Okay, okay. We are exaggerating the effects. But our point remains the same: bunny hunting, no matter how well-intentioned, has the very real potential of leading to the ostracism of people from the pagan community who aren’t actually a danger to anyone. Whether this abuse of power leads to petty arguments turning into modern-day witch hunts, or someone deciding that a practice that they (but not all pagans) find unsavory is a problem, the result is still the same: Big Brother may soon be sporting ritual garb and carrying an athame, telling us how to conduct our spiritual lives and even tell us how we must appear in public in order to “set a good example.”
The Bunny Trail isn’t alone, either. We invite you to peruse the following links:
All three of these go well beyond correcting misinformation and into what is basically trolling and internet harassment. While ERF might not be the best representative of the pagan community, are people who stoop to this sort of petty, immature behavior any better? How is this benefiting anyone? Granted, these people don’t represent all hunters, either, but if this sort of behavior is not only condoned but encouraged among hunters, how is this any better than allowing toxic bunnies to run rampant?
What’s not clear is whether bunny hunters have any ethical constraints or moderation placed on their activity. It seems as if the only authority bunny hunters answer to is themselves, and we question the ethics in such a case, because there is no one to provide an objective examination of what they are doing or provide some moderation on their activities should they start to go overboard. The bunny hunters have basically taken it upon themselves to police the pagan community, with no thought given to how they themselves will be policed for their activities.
What motivates the bunny hunting is also of concern. Suppose a bunny hunter claims, for instance, that hir god/dess has told hir to go and take all of the bunnies out. We have to wonder how this is any different from the far right evangelicals who make similar statements for their activities. Such claims that deity made me do it leave unexamined the hunter’s personal responsibility and why s/he feels personally motivated to do the hunting. In addition, this kind of reasoning leads to the fanaticism that has caused so many wars throughout history. It leads to dogmatism that proclaims that any other way than mine is wrong. We feel that neither fanaticism nor dogma has a place in Paganism and that such activities as bunny hunting must be questioned critically to ensure that fanaticism and dogma aren’t used as reasons for bunny hunting.
The motivation behind bunny hunting must be exposed and questioned. When bunny hunters feel it’s a holy or righteous mission they are on, they need to be reined in and questioned about how they’ve determined that motivation. It’s healthier to educate people, as opposed to harassing or punishing them. The ERF bunny hunt is an example of punishment as opposed to education. While early on attempts were made to simply correct his misinformation and prevent him from convincing people of some potentially dangerous things, we believe that in the latter stages the hunt was carried entirely too far. Not surprisingly ERF lashed back, no doubt because he felt cornered by what he perceived as personal attacks. When the bunny hunters view that as harassment, we want to ask how it justifies their activities and how they feel about the result and its effects on them. Do they spare any thought to wondering if this is how they’ve made people feel when they’ve felt the need to hunt them down and force them to recant their views?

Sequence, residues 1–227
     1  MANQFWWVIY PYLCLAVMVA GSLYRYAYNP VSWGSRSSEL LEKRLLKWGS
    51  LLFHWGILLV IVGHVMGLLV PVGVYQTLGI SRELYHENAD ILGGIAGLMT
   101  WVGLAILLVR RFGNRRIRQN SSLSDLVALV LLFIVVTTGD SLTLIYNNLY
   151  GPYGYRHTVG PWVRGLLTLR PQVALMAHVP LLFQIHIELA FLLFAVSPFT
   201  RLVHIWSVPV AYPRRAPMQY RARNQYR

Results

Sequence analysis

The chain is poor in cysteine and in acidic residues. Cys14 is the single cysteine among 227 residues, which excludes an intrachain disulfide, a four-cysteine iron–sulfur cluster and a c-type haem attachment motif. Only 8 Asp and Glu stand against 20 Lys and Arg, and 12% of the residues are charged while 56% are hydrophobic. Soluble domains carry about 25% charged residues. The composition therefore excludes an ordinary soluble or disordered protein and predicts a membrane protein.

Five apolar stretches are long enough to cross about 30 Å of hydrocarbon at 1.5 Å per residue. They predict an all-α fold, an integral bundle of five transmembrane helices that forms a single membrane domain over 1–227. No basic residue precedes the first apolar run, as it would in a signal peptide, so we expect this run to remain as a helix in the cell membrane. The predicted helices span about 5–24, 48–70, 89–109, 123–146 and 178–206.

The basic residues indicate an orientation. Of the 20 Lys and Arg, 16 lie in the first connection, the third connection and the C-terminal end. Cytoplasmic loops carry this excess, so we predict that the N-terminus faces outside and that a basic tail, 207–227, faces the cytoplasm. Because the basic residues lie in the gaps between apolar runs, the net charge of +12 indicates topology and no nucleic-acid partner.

Alternatives to Bunny Hunting
“Well, okay, Mr. and Ms. Smartypants Bunnylovers,”; you might be thinking right now, “if you know so much and you think that bunny hunting is so bad, what are you going to do about the problem?” We’ve thought about this, because we do admit that there are definitely problems that bunny hunting is an attempt to solve. And we do commend the hunters for at least trying to do something about the problems. However, we disagree that the method they’ve been using is a healthy one. So here are some alternatives that we propose.
1. Get more good information out there — We are, of course, biased towards this one because we’re authors, and we like infecting people with the writing bug (more reading material!). Since we both work 40 hour a week jobs at this point along with our writing and other independent business endeavors, we’ve had to learn to be good at time management. This is why we’ve tried to limit the amount of time we spent online, other than networking and checking email. If a person spends an hour a night, five nights a week bunny hunting, that’s five hours a week that could be spent writing. Believe it or not, there’s a lot you can get done in five hours, even if it’s in one hour increments — the trick is to have the discipline to actually sit down and write rather than getting distracted (including by the shiny internet), and it does take practice.